Polymer-based composites with added nano-scale fillers have been widely investigated in recent years since they can be tailored by tuning the functionality of each component to exhibit novel or improved properties compared to conventional composites. Nanocomposites are being considered for applications in many areas that range from very hard protective coatings and super-strong fibers to thin film transistors, light-emitting diodes and solar cells. In this project, we will focus on a novel nanocomposite material based on the combination of carbon nanotubes and silica nanoparticles. Nanocomposites with improved electrical and mechanical properties are finding increasing number of commercial applications in many fields (structural composites, electronics, automotive, space and aeronautics, coatings, etc.). However, to become adopted commercially, any new filler must exhibit significant performance-cost benefits compared to existing fillers. This project aims at the development of a novel carbon nanotube-silica hybrid in which nanoparticles of silica are connected to very thin bundles of single-walled carbon nanotubes (SWNT). SWNT have extraordinary electrical and mechanical properties. However, these properties cannot be easily transferred to the matrix of a composite due to the impossibility of dispersing them homogeneously and chemically anchoring them. By tuning the surface chemistry of the silica as well as the nanotube length and diameter, we anticipate that this hybrid will exhibit great advantages in dispersion, conductivity, affinity to polymeric matrices, and cost compared to any other composite filler.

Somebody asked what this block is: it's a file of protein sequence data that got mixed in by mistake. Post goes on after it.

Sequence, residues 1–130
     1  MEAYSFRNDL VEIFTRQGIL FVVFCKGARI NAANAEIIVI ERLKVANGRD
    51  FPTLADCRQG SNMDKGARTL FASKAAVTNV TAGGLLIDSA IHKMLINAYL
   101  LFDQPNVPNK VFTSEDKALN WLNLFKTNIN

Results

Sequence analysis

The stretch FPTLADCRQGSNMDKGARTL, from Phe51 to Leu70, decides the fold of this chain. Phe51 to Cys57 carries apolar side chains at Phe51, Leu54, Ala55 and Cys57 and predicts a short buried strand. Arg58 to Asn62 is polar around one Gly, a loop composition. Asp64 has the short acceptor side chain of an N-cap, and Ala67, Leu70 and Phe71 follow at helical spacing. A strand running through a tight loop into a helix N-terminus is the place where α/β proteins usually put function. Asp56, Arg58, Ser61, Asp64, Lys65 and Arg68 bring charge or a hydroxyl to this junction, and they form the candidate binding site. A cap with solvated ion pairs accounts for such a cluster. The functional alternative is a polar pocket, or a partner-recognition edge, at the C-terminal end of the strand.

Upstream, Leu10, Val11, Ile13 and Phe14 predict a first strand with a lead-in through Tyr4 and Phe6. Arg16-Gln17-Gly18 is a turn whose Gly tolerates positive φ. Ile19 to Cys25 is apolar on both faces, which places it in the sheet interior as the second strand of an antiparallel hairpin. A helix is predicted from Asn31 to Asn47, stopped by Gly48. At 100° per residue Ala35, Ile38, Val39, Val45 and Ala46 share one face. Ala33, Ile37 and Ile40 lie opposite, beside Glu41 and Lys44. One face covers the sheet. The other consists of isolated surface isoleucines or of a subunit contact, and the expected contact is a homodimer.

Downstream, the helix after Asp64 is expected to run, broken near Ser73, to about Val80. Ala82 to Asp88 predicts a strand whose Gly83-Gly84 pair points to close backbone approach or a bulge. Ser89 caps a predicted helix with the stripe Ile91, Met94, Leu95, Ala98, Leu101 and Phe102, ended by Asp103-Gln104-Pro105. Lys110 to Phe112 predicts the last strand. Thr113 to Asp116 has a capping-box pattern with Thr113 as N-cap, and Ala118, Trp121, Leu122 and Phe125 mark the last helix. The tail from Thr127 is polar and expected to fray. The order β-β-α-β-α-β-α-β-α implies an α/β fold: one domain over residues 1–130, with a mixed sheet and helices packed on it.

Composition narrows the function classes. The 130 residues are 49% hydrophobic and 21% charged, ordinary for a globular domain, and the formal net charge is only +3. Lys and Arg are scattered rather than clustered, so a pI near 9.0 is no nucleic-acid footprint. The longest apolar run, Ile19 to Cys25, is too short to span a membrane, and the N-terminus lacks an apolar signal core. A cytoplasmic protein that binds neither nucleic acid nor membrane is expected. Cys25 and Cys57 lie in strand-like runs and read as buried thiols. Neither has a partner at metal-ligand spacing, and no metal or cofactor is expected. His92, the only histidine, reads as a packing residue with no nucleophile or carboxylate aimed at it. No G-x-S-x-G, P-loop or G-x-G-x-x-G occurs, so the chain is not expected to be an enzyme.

The role of water in carbon feed on the surface-guided growth of horizontally aligned single-walled carbon
nanotubes (HA-SWCNTs) was investigated. It is shown that the amount of water can be optimized to favor HA-SWCNT growth, which is proposed to be due to selective etching of carbon deposits at carbon–metal interface. Without water, nanotube–nanotube interaction and carbon accumulation at the interface are disproportionately large compared to the rate of nanotube growth, leading to catalyst deactivation. With excess water, suppression of nanotube growth occurs, resulting in reduced carbon yield on the surface.
Intermediate carbon/water feed ratios achieve cleaner growth with high efficiency.